By mid-September, students will be back to school. After a long summer break –it is longer than the one in the UK–, they will return with changes both mentally, psychologically and physically. I should admit, most of them are doing a great job coping with this much of constant change. No one would survive such a pressure if it weren’t for the joy of growing up.
The school, as a concept, has changed significantly since the time when we were students ourselves. Teachers approach to students in a more flexible and positive way; they provide more guidance and assistance to support student learning. They communicate with the parents, as well as the students, more positively and give more valuable feedback about students’ progress. They perform much better in the class while delivering the subject content, using more tools including educational technology.
I have to note that this is a generalisation and there are exceptions. Especially when we consider the North Cyprus context, the exceptions are almost impossible to neglect. No offence to those teachers who are doing a great job, however there are a significant number of teachers who intentionally underperform, just because they know they won’t face any sanctions. They not only consider their students’ stress due to growing up, but they hardly help them improve academically.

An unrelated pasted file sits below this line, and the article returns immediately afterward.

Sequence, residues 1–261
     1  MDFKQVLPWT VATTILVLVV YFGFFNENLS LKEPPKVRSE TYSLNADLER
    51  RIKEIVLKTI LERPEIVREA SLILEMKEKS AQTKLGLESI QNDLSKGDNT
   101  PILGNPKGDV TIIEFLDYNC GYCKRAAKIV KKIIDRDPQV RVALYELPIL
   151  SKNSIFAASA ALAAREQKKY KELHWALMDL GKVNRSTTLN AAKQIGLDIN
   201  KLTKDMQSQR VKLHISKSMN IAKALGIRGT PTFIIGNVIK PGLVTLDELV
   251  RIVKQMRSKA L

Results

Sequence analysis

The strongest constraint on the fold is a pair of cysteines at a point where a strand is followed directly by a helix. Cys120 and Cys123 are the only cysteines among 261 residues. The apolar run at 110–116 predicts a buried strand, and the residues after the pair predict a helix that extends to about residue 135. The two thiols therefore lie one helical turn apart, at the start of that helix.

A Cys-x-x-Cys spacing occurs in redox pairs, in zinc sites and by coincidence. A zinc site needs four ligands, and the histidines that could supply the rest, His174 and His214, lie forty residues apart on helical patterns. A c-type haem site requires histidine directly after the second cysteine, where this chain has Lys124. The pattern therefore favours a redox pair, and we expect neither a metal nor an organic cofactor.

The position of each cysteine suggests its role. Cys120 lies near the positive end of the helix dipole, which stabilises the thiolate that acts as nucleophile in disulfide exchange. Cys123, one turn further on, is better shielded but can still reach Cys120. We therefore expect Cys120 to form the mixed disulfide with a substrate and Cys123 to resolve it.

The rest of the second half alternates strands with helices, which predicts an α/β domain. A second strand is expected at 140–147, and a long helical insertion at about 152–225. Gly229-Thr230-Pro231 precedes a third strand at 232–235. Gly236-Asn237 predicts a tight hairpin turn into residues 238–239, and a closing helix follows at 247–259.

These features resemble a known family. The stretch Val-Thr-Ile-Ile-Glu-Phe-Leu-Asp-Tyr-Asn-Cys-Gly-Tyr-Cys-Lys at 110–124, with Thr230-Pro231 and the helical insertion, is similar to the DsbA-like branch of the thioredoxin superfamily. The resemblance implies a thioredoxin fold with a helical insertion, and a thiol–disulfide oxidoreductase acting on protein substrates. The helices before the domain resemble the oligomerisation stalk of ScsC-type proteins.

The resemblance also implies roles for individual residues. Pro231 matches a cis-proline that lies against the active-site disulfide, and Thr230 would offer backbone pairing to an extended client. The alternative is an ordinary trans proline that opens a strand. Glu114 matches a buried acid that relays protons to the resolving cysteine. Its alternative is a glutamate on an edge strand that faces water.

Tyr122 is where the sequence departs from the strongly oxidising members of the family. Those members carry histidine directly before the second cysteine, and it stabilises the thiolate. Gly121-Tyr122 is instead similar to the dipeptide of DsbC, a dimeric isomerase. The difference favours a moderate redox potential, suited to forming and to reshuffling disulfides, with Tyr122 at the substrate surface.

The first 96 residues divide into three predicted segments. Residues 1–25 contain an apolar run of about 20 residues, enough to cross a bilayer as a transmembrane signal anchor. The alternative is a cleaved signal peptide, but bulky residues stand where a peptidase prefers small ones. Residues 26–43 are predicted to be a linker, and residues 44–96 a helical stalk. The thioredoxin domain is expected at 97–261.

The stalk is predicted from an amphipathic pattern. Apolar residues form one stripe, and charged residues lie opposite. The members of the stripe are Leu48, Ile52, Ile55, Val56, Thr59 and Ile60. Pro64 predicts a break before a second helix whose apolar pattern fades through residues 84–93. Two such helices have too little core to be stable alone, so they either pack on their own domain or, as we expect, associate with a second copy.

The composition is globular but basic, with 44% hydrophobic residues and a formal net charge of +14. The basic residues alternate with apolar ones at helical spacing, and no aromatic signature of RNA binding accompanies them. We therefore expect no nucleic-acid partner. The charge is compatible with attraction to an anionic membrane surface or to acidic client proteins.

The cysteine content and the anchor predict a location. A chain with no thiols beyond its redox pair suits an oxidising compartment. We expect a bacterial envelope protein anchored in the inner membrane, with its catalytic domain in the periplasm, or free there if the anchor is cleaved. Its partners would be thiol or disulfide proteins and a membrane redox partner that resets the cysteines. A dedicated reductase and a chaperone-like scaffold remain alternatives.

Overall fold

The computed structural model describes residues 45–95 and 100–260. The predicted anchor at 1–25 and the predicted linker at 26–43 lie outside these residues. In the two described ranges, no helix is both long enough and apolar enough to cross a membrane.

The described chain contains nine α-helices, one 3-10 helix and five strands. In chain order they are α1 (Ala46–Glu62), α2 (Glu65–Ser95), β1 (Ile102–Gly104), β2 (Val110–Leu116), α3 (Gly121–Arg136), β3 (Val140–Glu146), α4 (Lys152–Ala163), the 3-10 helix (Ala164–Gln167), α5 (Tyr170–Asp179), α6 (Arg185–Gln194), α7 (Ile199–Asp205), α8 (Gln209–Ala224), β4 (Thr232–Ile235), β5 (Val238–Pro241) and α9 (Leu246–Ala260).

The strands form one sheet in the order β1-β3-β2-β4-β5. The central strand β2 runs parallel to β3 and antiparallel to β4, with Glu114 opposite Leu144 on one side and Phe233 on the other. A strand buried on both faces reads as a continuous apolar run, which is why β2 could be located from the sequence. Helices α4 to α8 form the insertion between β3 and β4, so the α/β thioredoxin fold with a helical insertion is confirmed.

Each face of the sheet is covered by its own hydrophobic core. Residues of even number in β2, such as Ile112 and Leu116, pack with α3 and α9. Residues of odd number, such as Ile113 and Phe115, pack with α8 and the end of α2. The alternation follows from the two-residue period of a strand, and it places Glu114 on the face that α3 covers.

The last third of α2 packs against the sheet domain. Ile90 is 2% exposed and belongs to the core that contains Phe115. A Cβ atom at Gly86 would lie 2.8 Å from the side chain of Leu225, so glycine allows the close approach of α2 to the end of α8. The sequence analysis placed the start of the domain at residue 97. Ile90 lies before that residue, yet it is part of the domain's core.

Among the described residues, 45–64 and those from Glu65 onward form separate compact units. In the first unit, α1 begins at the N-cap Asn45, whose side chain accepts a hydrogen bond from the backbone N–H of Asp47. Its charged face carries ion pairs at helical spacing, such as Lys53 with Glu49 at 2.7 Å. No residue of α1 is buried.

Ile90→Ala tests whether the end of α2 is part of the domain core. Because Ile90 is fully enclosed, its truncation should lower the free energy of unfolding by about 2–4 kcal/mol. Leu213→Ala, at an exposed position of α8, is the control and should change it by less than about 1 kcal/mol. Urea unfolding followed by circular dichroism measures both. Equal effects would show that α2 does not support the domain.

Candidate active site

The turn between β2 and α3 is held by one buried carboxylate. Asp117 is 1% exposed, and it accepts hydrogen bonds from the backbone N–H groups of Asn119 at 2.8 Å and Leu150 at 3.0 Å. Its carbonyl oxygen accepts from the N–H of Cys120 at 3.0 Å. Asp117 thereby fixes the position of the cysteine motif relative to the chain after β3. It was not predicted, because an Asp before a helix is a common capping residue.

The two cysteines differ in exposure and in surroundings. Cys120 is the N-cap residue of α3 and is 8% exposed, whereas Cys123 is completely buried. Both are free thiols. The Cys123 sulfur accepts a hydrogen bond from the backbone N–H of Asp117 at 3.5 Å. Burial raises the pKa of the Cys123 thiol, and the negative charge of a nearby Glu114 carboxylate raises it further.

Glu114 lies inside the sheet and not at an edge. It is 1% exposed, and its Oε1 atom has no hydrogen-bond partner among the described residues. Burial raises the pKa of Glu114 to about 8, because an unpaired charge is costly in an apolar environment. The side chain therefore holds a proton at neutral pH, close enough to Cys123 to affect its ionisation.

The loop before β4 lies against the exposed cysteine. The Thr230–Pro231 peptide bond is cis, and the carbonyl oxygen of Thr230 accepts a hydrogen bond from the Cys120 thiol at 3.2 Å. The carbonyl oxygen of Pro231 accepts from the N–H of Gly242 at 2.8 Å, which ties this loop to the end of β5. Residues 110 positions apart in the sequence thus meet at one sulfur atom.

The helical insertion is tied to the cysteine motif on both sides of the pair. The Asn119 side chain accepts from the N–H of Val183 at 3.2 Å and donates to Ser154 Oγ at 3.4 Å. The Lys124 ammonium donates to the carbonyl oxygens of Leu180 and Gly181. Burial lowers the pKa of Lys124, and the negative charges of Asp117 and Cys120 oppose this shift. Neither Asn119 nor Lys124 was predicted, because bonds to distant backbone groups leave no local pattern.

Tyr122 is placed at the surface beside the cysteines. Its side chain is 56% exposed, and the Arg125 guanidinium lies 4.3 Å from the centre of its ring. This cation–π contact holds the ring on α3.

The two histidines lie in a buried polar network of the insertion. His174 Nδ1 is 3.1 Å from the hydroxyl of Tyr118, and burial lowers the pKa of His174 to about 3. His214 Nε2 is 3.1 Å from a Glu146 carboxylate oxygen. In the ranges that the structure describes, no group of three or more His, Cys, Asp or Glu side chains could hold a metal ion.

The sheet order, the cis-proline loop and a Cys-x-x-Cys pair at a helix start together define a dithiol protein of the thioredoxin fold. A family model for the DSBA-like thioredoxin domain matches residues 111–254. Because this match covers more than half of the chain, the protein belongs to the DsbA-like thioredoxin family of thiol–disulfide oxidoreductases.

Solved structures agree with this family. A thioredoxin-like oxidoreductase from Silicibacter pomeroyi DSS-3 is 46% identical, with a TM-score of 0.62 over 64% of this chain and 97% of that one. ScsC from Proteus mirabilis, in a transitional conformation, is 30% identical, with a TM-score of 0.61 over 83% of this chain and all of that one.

Having this situation accepted, parents seek help outside school. They think a private tutor would be of use. In most cases, it does. Certainly if the tuition is really ‘private’, if the tutor not only helps with the content learned at school, but s/he also tries to fill the gaps in previous content knowledge and if s/he also helps students improve their skills of note-taking, concentration, self-studying and self-confidence.
Obviously, ‘private’ tuition where 10+ students attend a session once a week and get the same teaching and materials will not be of much help. Parents should avoid such crowded sessions, as it has little or no effect to their kids’ progress. In addition, it is not financially feasible; those private tutors charge the same price regardless of the number of students in a group, which, in my opinion, is a big ethical concern. So why not go truly ‘private’?
Last, but not least, please act on time; if you know your kid’s strengths and weaknesses, if you have concerns about his/her progress, do not wait until you get the results of the first assessment. I know it is a huge financial burden, but saving one month’s private tuition does not improve you financially anyway. With such students whose parents started private tuitions late, I almost always had to schedule extra sessions to cover up the first few months, hence there was no saving at the end of the year.
I wish all the parties involved the best in the coming academic year. Be smart and prosper!..